This is a the work of Imaginary Forces NY, the short clip for HBO, combining all the feature TV series.
The process started with a great edit, and figuring out which 2d clips would breakdown nicely into 3d “pixelized” scenes, figuring out how to move on them, how to tie scenes together, light and render them. Another challenge was pulling off a deep dive into HBO’s iconic ‘static’ id, going through the static and into the promo content. The idea is to show the audience the 3D world that has always lived within the famous white noise and ” We hope this new version gives you the same feels you got when hearing the opening growing up!” according to Imaginary Forces NY website.
I like consistance of the same sophisticated idea through the whole clip, and the transition is very good, it let audience stays in ‘3D’ world instead transit to ‘2D’ world several times in between different clips.
This is a link to some of the other works that this artist, Viki Yeo, has made previously.
I am really amazed at this piece, due to the sheer detail that the artist was able to depict. This piece interests me because looks so real and so close to a real life portrait but was actually rendered using 3D computer graphics. The artist’s name is Viki Yeo and she used the software Adobe Photoshop, Zbrush, and 3ds max. The artist is a freelance 3D character artist and it is incredibly interesting to see how the artists choices manifest in this final form. On her website, it says that she is also a 3D texture artist. I found this interesting because texture is such a specific part of the artistic process that it seemed so limiting to have that be her only job but after seeing Viki Yeo’s work, the texture is so integral to her work that it now makes sense.
Tenacle Tower by Yoichiro Kawaguchi is a mixed-reality work that “represents the growing visual impact of lenticular 3D imaging.” The dimensions of this work is 1 m x 1 m x 1.8 m and was displayed along the wall in Kawaguchi exhibition, SIGGRAPH 2005: Threading Time. This image seems to play with people’s abilities to shift perspectives when viewing images—at times it seems like there is movement downwards, but at other times it seems to draw you into the image. It also seems futuristic due to the chrome-like theme, and looks like something one may encounter in a sci-fi movie. This image is composed of repeating elements (like pattern and color), but also varying ones (like size and angles) that were probably incorporated into the algorithm to produce this piece.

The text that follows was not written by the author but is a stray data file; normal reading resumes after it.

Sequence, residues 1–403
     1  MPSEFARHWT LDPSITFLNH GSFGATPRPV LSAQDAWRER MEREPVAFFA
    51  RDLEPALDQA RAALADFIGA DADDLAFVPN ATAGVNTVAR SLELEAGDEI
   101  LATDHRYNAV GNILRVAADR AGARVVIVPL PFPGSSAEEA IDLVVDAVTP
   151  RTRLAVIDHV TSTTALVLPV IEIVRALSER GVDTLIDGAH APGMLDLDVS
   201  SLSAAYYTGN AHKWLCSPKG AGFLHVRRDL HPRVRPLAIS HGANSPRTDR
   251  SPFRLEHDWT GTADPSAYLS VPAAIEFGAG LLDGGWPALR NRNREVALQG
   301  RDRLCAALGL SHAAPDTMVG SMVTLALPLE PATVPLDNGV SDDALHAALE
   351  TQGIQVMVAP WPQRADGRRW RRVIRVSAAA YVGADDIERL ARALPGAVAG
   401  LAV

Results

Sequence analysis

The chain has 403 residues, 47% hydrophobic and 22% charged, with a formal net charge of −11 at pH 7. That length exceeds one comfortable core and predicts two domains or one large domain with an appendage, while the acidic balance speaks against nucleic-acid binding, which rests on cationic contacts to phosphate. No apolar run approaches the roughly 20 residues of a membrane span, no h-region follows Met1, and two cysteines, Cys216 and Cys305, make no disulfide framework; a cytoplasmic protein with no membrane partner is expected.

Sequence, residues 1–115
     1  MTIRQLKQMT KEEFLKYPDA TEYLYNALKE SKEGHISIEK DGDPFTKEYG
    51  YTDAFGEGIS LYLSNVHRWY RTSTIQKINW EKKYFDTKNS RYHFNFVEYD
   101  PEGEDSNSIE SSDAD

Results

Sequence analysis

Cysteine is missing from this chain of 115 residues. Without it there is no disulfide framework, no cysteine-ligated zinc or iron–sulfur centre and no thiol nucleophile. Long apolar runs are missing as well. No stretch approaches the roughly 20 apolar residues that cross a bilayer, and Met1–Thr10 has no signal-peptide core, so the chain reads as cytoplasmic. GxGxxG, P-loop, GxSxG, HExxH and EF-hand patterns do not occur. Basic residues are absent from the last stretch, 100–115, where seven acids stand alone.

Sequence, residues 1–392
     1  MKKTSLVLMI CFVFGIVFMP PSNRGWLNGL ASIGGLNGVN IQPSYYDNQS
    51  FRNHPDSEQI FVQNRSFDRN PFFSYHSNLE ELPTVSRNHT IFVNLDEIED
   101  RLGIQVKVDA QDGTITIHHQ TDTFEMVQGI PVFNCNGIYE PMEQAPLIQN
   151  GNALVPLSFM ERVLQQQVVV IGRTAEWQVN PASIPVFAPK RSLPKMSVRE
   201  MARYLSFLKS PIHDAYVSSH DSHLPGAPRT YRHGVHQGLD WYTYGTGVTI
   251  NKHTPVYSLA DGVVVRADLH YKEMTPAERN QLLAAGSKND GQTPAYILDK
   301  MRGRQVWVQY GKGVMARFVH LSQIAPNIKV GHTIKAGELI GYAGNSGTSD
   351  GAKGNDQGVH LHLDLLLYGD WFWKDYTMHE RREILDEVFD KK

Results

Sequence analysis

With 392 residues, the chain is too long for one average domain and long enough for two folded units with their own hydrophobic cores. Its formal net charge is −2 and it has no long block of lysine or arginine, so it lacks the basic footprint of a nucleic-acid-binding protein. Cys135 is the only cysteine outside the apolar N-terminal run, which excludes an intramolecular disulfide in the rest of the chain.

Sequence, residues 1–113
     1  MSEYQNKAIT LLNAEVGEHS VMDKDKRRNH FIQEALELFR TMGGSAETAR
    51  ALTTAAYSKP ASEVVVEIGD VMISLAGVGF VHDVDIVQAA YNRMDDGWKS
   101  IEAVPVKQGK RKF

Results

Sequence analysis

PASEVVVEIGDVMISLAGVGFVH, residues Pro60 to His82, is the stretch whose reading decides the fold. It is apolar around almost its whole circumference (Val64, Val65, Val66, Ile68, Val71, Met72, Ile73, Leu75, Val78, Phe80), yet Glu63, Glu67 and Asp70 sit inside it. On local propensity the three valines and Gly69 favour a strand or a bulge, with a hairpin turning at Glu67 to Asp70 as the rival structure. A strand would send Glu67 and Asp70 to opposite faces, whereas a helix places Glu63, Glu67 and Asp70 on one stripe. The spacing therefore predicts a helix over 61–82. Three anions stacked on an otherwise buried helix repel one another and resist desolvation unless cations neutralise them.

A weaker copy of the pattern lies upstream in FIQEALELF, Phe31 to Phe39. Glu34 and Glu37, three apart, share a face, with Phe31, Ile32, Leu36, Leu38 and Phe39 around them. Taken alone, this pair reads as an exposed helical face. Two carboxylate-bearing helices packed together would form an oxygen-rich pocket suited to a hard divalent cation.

Created by Visual FX team for the Planet of the Apes film series (2011-2017). When lookin at computational artwork, I thought about the trilogy for the movies series Planet of the Apes. I thought it was amazing how well a computer was able to create apelike faces from human expression. In order to create such realistic renderings, it seems that the actors are wearing specialized motion tracking devices to capture facial expressions and movements as well as a slew of cameras to capture motions from various angles. The computer is then able to stitch together this data into overlays that take into account muscle, size, and movement. I find it fascinating how computer generated graphics have evolved over the years in order to create such realism and intimacy and I think it is only a matter of time until the technique is completely perfected and indistinguishable from reality.